Jennifer Morton writes in the Chronicle this morning about the social and behavioral competencies that students in online classes develop – or rather, don’t develop – as compared to their peers in traditional face-to-face courses. She (quite rightly) points out that MOOCs and the like present an opportunity for disadvantaged students to get the proverbial leg up into higher education at a drastically reduced price, and (again, quite rightly) notes that to the extent that traditional education sticks to outmoded lecture-based pedagogy, there’s no reason for disadvantaged students not to turn to MOOCs. Well, no reason except this:
A college education bestows not just cognitive skills—mathematical, historical, and scientific knowledge—but practical skills—social, emotional, and behavioral competencies. Tenacious, confident, and socially competent employees have an edge over equally cognitively talented employees who lack those practical skills. What students cannot learn online are precisely those social skills.
The whole article is well worth reading (try to catch it before the Chronicle puts it behind a paywall) for an insightful discussion about the importance of social norming in the university classroom, especially for those students not coming from the middle class. However, I do have a few disagreements with the author and at least one question. (Most of what follows comes from a comment I left at the original article.)
First, I think it’s a stretch to say that students “cannot” learn the types of social and behavioral competencies that Prof. Morton is talking about in an online setting. It’s probably more true that students who study primarily or entirely online will learn a set of social skills, but which are very different than the set traditionally developed in face-to-face education. The extent to which that set overlaps the traditional set is yet to be determined but there’s no reason to expect that intersection to be empty – and quite possibly online students will have social and behavioral competencies that traditional students lack and which would be just as marketable as the traditional set.
Second, the argument here sounds like a similar one often leveled at students in another kind of alternative educational setting, namely homeschooled students. The usual knock on homeschooled students is that they don’t develop social skills they need later in life because they are, well, schooled at home and not around other kids (or at least, the set of kids they are around is too small and homogeneous to offer real socialization). And yet that meme doesn’t really survive serious reality testing – not only do many homeschooled students go on to excel in college and the workforce, conversely many traditionally schooled students are manifestly not socially competent despite the amount of face-to-face schooling they receive.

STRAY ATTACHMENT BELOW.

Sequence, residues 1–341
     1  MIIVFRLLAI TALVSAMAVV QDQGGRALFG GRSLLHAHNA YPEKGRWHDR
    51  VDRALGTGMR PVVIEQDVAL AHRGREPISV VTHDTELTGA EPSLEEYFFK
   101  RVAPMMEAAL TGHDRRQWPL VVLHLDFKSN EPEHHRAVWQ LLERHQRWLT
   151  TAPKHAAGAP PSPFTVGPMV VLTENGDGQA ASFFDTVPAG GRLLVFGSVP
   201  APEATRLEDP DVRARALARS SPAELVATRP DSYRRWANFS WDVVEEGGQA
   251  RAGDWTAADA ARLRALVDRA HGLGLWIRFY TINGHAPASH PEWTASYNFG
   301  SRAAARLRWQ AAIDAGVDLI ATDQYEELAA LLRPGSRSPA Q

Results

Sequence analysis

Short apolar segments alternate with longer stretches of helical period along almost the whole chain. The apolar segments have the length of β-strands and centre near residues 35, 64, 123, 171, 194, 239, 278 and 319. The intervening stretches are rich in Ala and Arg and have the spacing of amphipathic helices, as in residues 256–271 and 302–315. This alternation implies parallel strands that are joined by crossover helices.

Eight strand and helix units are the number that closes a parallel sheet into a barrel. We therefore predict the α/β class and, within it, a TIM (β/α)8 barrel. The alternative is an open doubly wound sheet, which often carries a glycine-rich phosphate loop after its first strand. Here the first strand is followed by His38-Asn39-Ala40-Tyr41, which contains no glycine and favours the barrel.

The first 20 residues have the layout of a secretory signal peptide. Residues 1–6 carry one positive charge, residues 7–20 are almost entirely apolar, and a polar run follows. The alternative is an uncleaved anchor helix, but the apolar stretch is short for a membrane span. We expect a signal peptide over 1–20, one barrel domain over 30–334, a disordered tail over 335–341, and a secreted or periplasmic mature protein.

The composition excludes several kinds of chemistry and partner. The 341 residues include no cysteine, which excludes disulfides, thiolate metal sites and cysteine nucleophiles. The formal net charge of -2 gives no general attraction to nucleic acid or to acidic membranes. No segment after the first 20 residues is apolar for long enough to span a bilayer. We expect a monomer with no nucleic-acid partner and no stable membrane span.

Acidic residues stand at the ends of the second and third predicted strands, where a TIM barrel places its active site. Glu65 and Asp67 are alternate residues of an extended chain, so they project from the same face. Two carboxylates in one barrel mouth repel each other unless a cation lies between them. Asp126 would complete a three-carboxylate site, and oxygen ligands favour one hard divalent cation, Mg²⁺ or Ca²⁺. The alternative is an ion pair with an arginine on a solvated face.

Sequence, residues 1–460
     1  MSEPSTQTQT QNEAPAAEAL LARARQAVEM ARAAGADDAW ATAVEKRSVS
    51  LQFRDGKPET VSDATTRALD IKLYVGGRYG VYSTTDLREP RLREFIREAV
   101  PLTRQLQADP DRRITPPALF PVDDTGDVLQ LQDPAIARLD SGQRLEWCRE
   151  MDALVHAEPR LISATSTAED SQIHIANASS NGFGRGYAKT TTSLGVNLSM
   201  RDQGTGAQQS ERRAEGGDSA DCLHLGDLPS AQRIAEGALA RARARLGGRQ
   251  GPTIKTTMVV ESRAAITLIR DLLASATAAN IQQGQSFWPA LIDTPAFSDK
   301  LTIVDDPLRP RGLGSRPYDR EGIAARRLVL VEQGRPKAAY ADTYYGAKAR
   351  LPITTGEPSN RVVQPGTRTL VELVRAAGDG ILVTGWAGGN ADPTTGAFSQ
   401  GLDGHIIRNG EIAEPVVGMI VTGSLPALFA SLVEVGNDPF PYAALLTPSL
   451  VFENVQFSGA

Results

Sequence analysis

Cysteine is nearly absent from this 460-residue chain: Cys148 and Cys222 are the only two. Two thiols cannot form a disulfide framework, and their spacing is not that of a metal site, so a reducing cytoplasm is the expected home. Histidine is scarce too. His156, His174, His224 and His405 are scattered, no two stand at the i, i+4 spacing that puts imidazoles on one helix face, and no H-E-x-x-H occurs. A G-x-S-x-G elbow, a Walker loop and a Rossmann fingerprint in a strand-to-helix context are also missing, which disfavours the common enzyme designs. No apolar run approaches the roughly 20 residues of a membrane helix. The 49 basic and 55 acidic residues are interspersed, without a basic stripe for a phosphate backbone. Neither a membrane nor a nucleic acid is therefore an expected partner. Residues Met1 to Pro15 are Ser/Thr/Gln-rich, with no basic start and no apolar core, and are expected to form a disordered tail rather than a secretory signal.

I can say from having taught a lot of students who are/were both first-generation college students and homeschooled that there is a lot of variation in terms of readiness for college among this group. But the educational platform itself isn’t really enough to explain the variation – and it’s probably the same with online education.
Third, the entire category of “online education” is bigger than MOOCs alone and is a moving target. Many universities are moving to a hybrid model that mixes face-to-face and online experiences, and the inverted classroom is to some extent an arm of that movement. So it seems a little premature to write off online education in this way, because what exactly are we writing off?
Finally, a question – If online students aren’t developing social and behavioral competencies, to what extent is this a problem with technology rather than the educational platform? I’ve taken half a dozen MOOCs of varying degrees of quality, and the “social interaction” one gets in them is done through threaded, text-based discussion boards – a technology that really hasn’t progressed much since the days of BBS’s back in the late 1980’s. If MOOCs and other online platforms had a richer set of tools to work with that let students socially interact in a more natural way, would it improve online students’ chances of social development?